Woolly World aspires to that kind of scattershot invention, but when it throws its gimmicks at you, they’re too often the same gimmicks as last time. The world of ghost blocks you have to trigger to life with the flick of a switch, the Shyguys on stilts, the watermelons that allow you to spit pips like you’re a weird artisan machine gun. Even when Woolly World leaves memories of the Island behind, it tends to borrow from close relatives: Mario’s grates that allow you to flip between planes at regular junctures, his shadow-puppet theatres and ghost houses. There are a few new ideas here, such as collapsing clouds of cotton wool that you can trigger or climb, a chain chomp rampage, or a glorious piranha plant boss fight that feels like a Busby Berkeley number, but they are outweighed by the borrowings and the cribs.
All Nintendo games share elements, of course, but what makes Woolly World a little dull is its unwillingness to repurpose old ideas in new ways – or in new ways that go beyond rendering them out of yarn. I can’t think of much that this game’s truly adding to the canon, and it’s been a while since a Nintendo title has left me feeling that.
Should this matter? You could argue it shouldn’t, particularly when local two-player co-op is such a riot, gifting you the ability to grab your ally and turn them into a ball of wool to chuck about and bringing crazy energy to even the most rote of levels. Particularly when the true audience for this game presumably isn’t a 37-year-old but a 7-year-old, who doesn’t have all those memories of the original Yoshi’s Island to show this project up so regularly and to underline the sense that the developers Good-Feel are custodians rather than trailblazers.
If any game really explored the quandary Nintendo’s in these days, come to think of it, this is probably it: shackled with two audiences, one of whom has forgotten nothing and will demand a strange and contradictory blend of nostalgia and innovation at all times, and one of whom is coming to everything completely cold – but is at least as interested in Minecraft as Mario and rightly so.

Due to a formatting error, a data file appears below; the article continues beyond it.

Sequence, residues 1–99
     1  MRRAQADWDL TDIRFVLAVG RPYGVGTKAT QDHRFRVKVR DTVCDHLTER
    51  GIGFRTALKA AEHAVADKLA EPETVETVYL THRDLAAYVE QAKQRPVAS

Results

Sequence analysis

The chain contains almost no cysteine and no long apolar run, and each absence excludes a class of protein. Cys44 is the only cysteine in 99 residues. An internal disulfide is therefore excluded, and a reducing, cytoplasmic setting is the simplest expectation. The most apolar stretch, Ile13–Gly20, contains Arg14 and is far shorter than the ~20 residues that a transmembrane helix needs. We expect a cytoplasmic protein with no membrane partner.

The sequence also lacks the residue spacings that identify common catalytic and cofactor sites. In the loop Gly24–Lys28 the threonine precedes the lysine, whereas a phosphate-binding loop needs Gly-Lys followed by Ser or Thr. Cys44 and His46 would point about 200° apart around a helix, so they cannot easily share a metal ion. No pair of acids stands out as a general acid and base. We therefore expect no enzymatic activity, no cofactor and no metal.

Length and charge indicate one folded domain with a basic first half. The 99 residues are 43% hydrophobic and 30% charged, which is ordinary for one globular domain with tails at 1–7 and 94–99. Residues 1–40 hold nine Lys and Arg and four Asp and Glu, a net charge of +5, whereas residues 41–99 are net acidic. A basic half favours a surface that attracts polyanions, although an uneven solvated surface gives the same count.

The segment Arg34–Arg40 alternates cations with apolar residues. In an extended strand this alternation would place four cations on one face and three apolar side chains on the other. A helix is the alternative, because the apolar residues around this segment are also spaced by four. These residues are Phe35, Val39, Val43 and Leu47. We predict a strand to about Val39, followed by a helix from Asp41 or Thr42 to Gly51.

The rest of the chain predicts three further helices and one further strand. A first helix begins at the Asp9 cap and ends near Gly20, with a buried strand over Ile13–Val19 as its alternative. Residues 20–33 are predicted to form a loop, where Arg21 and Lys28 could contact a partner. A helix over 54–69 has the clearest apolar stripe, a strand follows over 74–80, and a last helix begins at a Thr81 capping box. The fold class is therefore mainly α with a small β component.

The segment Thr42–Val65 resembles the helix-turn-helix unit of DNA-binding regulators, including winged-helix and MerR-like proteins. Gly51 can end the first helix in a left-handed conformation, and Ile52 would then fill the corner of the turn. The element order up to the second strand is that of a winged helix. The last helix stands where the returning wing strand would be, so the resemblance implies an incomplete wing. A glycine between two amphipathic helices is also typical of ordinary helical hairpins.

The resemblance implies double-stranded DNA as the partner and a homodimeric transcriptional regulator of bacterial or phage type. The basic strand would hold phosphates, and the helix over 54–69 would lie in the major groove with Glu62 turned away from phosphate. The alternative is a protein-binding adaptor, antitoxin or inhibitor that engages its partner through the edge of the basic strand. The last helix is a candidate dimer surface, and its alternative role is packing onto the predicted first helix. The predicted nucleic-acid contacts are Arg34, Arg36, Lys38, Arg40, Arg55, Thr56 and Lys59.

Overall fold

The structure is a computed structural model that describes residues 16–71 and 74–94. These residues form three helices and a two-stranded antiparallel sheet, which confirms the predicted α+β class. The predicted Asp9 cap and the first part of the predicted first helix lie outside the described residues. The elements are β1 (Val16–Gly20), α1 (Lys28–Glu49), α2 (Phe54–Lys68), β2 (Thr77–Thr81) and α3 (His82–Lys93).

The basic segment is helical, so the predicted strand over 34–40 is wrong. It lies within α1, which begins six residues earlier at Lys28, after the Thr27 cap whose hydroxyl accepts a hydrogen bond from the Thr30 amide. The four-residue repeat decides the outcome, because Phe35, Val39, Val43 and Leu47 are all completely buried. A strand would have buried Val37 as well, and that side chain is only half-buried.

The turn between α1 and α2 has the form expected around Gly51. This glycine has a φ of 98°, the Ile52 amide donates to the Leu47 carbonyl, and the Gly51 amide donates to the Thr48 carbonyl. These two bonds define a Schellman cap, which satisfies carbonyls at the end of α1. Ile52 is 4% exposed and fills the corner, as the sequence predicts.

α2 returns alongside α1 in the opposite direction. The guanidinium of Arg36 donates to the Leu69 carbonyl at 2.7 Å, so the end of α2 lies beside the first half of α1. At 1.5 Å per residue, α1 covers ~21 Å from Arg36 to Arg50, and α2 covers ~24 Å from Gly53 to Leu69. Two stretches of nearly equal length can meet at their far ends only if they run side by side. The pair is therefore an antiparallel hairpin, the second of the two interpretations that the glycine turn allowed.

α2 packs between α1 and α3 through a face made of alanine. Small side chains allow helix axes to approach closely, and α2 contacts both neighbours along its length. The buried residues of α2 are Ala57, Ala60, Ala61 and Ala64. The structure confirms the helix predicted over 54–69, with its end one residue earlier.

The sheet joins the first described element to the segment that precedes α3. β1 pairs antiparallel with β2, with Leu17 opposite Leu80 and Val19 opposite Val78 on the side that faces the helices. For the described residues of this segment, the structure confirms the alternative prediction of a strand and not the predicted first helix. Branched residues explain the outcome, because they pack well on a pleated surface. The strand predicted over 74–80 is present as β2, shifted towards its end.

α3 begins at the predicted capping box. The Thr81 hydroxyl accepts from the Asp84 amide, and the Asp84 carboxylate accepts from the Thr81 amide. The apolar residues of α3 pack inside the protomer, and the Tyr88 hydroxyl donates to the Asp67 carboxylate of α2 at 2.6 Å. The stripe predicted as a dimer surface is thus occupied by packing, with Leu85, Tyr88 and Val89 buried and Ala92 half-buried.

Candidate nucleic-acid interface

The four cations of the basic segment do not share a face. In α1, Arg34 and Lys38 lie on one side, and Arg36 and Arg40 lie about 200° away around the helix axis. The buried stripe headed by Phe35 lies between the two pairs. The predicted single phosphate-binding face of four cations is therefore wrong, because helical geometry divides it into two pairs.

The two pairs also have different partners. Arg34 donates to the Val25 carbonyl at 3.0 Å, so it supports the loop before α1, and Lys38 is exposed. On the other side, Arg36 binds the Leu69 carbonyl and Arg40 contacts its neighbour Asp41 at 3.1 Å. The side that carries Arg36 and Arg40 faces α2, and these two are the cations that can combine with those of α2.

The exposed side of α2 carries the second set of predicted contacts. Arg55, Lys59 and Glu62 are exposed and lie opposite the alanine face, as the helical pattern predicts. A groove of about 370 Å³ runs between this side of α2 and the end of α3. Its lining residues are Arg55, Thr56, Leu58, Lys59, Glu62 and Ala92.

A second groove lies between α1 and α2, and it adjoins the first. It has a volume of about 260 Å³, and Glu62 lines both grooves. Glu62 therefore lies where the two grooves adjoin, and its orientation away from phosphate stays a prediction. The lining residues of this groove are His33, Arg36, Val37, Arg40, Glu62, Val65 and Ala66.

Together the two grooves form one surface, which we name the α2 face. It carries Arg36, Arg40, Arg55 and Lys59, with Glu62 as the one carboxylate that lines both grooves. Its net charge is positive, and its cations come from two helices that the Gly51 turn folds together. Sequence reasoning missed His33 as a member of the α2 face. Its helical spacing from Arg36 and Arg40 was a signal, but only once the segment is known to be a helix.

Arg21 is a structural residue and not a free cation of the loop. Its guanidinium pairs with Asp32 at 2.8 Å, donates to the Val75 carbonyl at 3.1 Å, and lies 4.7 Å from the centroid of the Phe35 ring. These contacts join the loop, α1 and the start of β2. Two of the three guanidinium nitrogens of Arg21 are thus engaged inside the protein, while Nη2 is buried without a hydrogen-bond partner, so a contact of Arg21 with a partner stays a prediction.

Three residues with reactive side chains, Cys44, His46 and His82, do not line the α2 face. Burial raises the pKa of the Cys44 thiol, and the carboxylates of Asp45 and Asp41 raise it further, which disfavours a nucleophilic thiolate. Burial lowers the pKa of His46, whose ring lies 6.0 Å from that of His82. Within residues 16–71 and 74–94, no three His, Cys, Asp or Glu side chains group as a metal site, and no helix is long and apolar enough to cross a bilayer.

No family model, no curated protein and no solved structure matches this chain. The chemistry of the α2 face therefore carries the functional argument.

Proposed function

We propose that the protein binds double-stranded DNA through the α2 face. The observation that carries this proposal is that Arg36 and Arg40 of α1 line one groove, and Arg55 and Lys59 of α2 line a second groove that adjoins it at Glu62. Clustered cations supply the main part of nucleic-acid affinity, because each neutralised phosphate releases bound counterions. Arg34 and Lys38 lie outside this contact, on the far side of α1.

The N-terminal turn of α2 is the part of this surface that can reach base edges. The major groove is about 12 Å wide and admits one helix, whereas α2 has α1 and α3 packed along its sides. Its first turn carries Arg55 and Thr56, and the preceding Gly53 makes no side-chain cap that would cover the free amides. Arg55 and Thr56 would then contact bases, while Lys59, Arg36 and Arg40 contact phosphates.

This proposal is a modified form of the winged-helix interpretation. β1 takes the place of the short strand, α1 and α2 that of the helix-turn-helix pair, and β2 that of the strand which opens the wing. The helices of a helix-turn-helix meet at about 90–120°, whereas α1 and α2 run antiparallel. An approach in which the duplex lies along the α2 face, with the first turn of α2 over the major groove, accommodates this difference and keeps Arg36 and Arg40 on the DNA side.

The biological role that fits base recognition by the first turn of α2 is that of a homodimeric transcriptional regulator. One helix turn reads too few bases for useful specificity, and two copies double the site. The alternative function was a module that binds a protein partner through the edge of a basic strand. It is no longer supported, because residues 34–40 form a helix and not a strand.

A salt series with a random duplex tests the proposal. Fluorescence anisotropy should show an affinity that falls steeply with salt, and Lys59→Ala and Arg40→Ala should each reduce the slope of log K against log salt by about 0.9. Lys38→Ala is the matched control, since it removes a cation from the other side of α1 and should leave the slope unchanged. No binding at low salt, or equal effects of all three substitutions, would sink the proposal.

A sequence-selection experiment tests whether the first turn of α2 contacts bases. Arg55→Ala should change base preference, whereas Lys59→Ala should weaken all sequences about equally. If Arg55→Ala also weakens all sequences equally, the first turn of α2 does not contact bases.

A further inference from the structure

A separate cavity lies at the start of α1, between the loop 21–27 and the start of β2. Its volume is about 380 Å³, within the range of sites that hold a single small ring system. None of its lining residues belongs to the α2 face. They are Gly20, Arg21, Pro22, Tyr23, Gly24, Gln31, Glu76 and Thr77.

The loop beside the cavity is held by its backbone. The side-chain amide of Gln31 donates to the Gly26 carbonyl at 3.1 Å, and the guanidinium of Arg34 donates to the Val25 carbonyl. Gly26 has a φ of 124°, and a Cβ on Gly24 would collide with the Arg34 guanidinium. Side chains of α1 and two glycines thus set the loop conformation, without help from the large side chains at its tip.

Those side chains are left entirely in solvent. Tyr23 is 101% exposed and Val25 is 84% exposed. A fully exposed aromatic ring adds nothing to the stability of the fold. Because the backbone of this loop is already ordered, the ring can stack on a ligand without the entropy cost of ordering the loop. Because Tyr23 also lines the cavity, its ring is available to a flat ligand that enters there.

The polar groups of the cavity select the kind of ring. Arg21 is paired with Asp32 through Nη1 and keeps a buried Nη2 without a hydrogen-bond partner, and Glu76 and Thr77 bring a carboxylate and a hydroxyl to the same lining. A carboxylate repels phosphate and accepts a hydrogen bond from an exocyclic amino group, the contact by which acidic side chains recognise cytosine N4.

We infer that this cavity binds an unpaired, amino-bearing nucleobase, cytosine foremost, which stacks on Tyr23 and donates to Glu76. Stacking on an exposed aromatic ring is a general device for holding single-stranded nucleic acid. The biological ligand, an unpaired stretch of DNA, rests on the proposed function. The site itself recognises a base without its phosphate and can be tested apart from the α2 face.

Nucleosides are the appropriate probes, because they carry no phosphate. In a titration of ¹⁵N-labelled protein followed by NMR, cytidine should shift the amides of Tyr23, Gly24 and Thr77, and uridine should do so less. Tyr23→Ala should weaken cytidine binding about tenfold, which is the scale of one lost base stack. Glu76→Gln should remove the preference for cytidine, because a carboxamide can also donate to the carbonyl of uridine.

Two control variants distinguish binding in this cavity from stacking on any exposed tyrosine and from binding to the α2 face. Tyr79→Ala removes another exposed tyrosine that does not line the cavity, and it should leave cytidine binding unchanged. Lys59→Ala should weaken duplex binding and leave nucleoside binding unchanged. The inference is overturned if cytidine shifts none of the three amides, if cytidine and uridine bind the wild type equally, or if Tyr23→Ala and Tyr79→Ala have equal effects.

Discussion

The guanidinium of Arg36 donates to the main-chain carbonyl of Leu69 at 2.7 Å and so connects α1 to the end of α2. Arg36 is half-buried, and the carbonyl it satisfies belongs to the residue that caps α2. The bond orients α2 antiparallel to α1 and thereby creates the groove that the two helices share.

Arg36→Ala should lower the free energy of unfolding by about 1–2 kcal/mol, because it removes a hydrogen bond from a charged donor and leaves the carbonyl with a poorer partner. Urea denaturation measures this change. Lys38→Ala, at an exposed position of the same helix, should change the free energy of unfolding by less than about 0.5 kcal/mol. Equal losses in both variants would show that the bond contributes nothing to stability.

Ultimately, even those 7-year-olds would probably be better served by just tracking down the original Yoshi’s Island, on one of the many platforms that preserves it. The level design’s better, although Woolly World, granted, has a nice mixture of straight-ahead left-to-rights and more complex, dungeony areas, even mixing in a few palate cleansers where Yoshi transforms into a plane, into an umbrella, into a giant, to great effect.
Tellingly, I think the graphical approach is better, too. For all Woolly World’s cuddly invention, there was such imagination and range in the spritework of the original, a real energy coming from this spot it found itself in historically, navigating a technological landscape that was slowly starting to shift from 2D to 3D.
And finally, of course, there’s the panic. Yoshi’s Island wasn’t just a game about getting to the final goal, but about transporting a couple of babies there safely with you. That sense of noble fragility is so hardwired into the design that, every time I took a hit in Woolly World, I would find myself instinctively turning about-face and extending Yoshi’s tongue to grab at a departing bubble-baby that simply no longer exists in this version. Good-Feel’s doing all the carrying this time, and maybe it’s so desperate not to drop anything that it’s forgotten to take any risks.
A bad game, then? Not at all. Most of the time it’s quite a good one. But Woolly World sails perilously close to a genuinely great game, and with little of its own to add, it can only ever feel diminished by the proximity.